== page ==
By JASON COX
Of the Keizertimes

Local voters opted not to change the fire protection system in Keizer, giving the nod to Marion County Fire District No. 1 over Keizer Fire District in Tuesday night’s special election.

Two measures – 24-325 and 24-326 – were on most Keizer residents’ ballots. Clear Lake residents only saw 24-326. Both had to pass in order for the annexation to take effect.

Returns showed Measure 24-325 failing 57 percent to 43 percent, with 3,108 votes against and 2,358 votes in favor. Measure 24-326 went down 60 percent to 40 percent, 3,769 to 2,519.

Keizer Fire had proposed annexing the Clear Lake neighborhood – with the 1,000 or so homes and tax revenue that come with it – into its territory. It’s currently served by Marion County Fire District No. 1.

Randy Franke, MCFD board president, said the two-district setup in Keizer is the best fire protection system available locally at the moment.

“Obviously we’re very appreciative and thankful that voters in the entire city of Keizer were able to pick their way through all the, shall we say, competing information out there and decided to leave Keizer covered by two different fire districts,” Franke said. “Historically, our volunteer firefighters at the Clear Lake station have done an outstanding job of providing service and being involved in the community,” Franke said. “And the citizens of Clear Lake, I think, spoke loudly and clearly that they had good service and saw no need to change.”

In a statement issued Tuesday night, Keizer Fire Chief Jeff Cowan said he was disappointed with the results.

“Unfortunately, this election result does not solve the 30-year-old issue of aligning emergency services in Keizer and they will remain divided with this outcome,” Cowan said. “The outcome of the election is surprising given the benefits to the people of Clear Lake and all of the city of Keizer and the transition plan to continue services within Marion Fire.”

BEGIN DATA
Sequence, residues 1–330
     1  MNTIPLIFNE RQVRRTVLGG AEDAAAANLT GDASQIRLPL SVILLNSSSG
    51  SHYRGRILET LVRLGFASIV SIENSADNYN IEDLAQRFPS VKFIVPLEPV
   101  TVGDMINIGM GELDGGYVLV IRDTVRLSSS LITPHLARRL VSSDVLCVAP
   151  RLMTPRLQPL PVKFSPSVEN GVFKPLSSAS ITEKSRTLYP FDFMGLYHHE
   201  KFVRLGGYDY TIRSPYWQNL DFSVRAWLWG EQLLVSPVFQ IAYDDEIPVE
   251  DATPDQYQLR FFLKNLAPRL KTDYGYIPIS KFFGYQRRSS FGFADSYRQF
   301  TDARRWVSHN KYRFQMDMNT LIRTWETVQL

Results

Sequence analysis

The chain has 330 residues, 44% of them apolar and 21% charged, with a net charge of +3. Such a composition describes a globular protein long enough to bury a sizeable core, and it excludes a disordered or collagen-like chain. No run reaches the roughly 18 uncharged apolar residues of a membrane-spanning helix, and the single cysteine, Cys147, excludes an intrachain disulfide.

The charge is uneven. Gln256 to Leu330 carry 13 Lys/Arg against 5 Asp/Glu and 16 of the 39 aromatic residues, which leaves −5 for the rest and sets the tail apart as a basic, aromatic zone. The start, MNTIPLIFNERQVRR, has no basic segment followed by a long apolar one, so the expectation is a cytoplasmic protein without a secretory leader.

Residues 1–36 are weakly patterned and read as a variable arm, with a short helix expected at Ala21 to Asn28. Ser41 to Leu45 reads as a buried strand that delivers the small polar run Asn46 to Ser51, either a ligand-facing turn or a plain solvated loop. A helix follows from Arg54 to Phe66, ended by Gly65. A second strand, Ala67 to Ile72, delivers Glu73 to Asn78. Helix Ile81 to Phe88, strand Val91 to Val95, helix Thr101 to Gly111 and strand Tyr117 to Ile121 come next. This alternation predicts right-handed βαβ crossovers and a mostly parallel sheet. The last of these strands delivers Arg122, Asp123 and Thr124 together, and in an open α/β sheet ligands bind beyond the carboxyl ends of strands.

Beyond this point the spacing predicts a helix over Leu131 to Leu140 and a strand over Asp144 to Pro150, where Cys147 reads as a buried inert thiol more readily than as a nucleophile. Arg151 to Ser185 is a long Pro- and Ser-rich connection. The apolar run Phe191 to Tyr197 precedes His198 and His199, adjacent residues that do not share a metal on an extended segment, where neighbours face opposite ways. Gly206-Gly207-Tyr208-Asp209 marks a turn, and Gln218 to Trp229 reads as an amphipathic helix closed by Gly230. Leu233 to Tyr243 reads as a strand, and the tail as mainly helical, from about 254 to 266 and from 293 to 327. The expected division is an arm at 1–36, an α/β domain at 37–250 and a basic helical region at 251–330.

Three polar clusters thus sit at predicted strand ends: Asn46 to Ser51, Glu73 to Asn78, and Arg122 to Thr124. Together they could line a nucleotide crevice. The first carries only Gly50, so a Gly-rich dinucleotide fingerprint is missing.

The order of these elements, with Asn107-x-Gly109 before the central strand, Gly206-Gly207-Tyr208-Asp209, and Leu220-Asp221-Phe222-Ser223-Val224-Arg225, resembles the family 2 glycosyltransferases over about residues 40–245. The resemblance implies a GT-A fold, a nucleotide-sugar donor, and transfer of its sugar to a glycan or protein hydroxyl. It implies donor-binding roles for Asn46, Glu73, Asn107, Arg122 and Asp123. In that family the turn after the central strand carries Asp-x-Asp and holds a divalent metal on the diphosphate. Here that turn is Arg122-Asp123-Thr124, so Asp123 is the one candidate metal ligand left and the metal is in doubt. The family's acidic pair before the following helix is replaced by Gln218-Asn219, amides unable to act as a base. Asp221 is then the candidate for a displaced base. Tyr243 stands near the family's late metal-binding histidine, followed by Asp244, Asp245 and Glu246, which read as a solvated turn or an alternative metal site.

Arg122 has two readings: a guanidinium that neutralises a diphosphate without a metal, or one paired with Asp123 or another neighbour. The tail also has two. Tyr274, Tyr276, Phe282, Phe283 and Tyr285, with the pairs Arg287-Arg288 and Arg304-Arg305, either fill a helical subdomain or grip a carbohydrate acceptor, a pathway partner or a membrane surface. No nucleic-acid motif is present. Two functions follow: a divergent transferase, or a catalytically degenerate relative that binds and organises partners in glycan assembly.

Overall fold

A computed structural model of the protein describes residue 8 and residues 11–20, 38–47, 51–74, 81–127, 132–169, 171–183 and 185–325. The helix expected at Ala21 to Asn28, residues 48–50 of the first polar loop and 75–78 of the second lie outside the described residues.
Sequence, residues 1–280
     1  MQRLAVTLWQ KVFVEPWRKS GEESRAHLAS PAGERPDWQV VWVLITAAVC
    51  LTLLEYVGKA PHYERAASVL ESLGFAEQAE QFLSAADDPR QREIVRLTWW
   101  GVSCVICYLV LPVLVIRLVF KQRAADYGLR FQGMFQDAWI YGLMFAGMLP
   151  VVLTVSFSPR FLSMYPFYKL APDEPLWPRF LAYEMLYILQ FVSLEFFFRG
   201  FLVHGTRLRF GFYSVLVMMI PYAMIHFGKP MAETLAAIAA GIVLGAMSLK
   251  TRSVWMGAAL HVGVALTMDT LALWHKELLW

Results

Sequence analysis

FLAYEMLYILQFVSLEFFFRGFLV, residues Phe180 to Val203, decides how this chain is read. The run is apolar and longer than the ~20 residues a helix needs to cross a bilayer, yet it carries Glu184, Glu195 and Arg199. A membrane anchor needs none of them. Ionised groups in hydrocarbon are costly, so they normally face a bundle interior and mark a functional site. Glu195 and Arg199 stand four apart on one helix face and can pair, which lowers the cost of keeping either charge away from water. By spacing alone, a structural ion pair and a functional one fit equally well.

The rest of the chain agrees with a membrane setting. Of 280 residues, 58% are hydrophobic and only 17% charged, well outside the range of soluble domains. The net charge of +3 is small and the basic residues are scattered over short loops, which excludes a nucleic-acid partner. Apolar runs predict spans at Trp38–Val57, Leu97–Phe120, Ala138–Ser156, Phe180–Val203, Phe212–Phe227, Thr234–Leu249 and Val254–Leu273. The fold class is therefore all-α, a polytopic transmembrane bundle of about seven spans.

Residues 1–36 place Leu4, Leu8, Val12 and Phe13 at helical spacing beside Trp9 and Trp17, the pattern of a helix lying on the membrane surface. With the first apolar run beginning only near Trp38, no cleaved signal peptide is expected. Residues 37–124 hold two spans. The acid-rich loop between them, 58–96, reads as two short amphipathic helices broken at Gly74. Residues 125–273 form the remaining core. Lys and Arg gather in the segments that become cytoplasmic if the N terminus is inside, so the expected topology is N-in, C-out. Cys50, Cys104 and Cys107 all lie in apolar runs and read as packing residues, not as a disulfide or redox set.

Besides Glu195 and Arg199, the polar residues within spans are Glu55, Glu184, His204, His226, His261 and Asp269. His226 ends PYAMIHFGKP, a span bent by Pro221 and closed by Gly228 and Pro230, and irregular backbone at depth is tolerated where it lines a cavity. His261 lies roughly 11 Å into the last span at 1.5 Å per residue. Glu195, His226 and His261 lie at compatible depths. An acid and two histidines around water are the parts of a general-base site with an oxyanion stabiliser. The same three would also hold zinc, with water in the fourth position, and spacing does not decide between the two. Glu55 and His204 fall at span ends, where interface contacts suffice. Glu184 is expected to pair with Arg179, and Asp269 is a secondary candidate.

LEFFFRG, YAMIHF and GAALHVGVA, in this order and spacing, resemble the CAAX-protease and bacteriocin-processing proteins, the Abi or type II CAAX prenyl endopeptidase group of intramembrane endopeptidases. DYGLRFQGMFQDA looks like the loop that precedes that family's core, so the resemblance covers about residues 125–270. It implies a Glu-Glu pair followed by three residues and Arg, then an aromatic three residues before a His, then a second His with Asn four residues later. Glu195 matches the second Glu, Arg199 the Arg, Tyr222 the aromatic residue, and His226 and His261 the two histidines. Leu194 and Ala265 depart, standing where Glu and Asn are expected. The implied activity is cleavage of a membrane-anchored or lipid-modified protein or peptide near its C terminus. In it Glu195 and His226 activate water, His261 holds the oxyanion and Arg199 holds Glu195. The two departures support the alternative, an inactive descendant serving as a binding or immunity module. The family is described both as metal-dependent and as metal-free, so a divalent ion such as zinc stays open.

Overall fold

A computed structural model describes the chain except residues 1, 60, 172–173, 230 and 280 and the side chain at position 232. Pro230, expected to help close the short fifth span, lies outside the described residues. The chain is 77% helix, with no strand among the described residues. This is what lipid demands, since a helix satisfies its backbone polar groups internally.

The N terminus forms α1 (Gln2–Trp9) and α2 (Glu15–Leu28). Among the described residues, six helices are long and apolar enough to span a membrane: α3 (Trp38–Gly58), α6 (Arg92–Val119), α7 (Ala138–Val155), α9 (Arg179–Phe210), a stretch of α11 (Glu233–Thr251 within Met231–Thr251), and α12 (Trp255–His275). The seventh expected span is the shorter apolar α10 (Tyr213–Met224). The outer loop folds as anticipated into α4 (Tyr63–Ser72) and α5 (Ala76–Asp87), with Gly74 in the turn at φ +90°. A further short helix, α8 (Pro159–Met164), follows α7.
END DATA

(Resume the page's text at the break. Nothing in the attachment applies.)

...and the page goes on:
The election caps off months of door-to-door campaigning, mailers and lobbying by the two political action committees representing each side. Two homeowners associations – one later rescinded its support – backed the annexation, while the Vineyards I association chose to back Marion County Fire.

Its president, Mike Welter, also chaired the Keep Keizer Safe political action committee. He got involved in the matter after reading in the Keizertimes about possible annexation “Obviously we’re relieved with the outcome and happy with how things turned out,” Welter said. “I definitely want to thank voters for voting how they did.”

Numerous lawsuits and legal complaints were filed by MCFD, and state Rep. Brian Clem, D – Salem, sought to modify the process via action at the legislature. He contended the residents of Clear Lake should have had a chance to separately vote on the measure.

But in the end the point was moot – even residents not covered by MCFD rejected the measure by some 16 percent.

One lawsuit is still in court – MCFD is challenging the city’s authority to withdraw territory from one special district and grant it to another through a process that in the past has been used for cities to provide service themselves. The city has asserted it has the right to do so via home rule authority, and Franke said the board may see the lawsuit through in an effort to put the issue to rest.

“We’ve spent a fair amount of money already on that, and I’m not convinced it’s to our interest – or, for that matter, other special districts’ interest around the state – to let that lawsuit drop before we have a judge’s decision,” Franke said.